The movie "Dog Years," filmed in Knoxville, premiered last weekend at the prestigious Tribeca Film Festival in New York. WBIR's Russell Biven was there, and was lucky enough to watch the movie and talk to the stars. Here's his review:
A good friend once told me, "Back in the day Burt Reynolds was like Brad Pitt on steroids."
I remember going with my dad to see Hooper, Smokey and the Bandit and Cannonball Run, and I think the analogy is pretty accurate.
Reynolds was a man's man, a lady's man and a motion picture superstar.
Today, the 81-year old, who got his start playing a stunt cowboy at Maggie Valley in North Carolina, uses a cane to get around. He moves a little slower, with a little attention to each step, but you can still see the grit and strength in his face.
Ironically, in his latest film Dog Years, Reynolds portrays the aging movie star Vic Edwards, who's dealing with his celebrity star fizzling out and the trials that come with getting older.
The film is as much about Reynolds as the character he plays.
After being convinced by his friend Sunny, played by Chevy Chase, to attend a film festival in Nashville where he will receive a Lifetime Achievement Award, Edwards quickly realizes it's a Podunk event put on in a bar by some of his obsessed fans.
He has his chauffeur for the film festival, Lil, played by Ariel Winter, take him back to the airport in her beat down version of a limousine. On the way he sees a sign for his hometown of Knoxville, Tennessee.
He tells her to go there instead, and that's where the beauty of the film really comes to life. Edwards not only takes a walk down memory lane, but he also reconciles with people he has wronged while making his way to the top in the movie industry. He realizes there's a lot more to life than how people treat you. In the end, it's how you have treat others, and Reynolds does a masterful job of making this come across.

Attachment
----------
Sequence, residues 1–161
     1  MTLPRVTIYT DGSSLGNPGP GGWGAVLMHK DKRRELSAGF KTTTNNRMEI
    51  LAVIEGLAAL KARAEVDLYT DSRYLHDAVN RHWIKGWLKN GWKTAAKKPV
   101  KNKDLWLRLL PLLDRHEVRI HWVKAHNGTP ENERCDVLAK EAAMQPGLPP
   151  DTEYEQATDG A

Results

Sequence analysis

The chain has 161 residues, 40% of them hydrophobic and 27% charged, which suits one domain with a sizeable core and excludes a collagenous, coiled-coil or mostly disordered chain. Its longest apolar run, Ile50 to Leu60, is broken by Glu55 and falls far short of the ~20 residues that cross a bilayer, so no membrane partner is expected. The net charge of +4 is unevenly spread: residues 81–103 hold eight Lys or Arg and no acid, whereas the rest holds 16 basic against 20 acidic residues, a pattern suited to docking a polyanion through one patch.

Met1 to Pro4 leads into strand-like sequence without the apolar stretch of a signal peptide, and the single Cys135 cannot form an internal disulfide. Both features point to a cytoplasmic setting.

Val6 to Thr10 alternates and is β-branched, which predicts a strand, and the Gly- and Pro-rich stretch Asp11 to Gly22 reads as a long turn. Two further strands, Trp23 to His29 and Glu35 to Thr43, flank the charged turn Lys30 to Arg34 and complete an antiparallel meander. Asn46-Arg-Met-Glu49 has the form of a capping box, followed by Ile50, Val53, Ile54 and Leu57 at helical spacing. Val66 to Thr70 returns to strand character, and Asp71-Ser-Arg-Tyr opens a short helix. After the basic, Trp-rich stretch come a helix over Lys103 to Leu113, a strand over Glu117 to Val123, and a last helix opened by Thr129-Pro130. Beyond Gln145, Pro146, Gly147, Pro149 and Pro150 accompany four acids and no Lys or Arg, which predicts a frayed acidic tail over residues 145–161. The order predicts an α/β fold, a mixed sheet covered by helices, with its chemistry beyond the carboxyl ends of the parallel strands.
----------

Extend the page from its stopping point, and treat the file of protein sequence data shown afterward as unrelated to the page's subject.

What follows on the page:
Throughout the movie, director Adam Rifkin weaves actual scenes from Reynolds old movies beautifully into the storyline, even allowing the older star to talk to his younger self.
I won't ruin the ending for you, but I will say it's touching and has a great lesson about making amends and making the best out of each day.
There are some good laughs in this movie and some heartbreaking scenes as well. It does have language, but for those mature enough for that, it's definitely a movie worth seeing.
Rifkin, with help from co-producer Gordon Whitener, a Knoxville resident, does a fabulous job showing the beauty of East Tennessee throughout the film. As a Knoxvillian, I loved recognizing so many different places featured in the movie, and I think others from East Tennessee will as well. We can only hope Dog Years will be in theaters across America sometime soon so everyone else can enjoy it as well.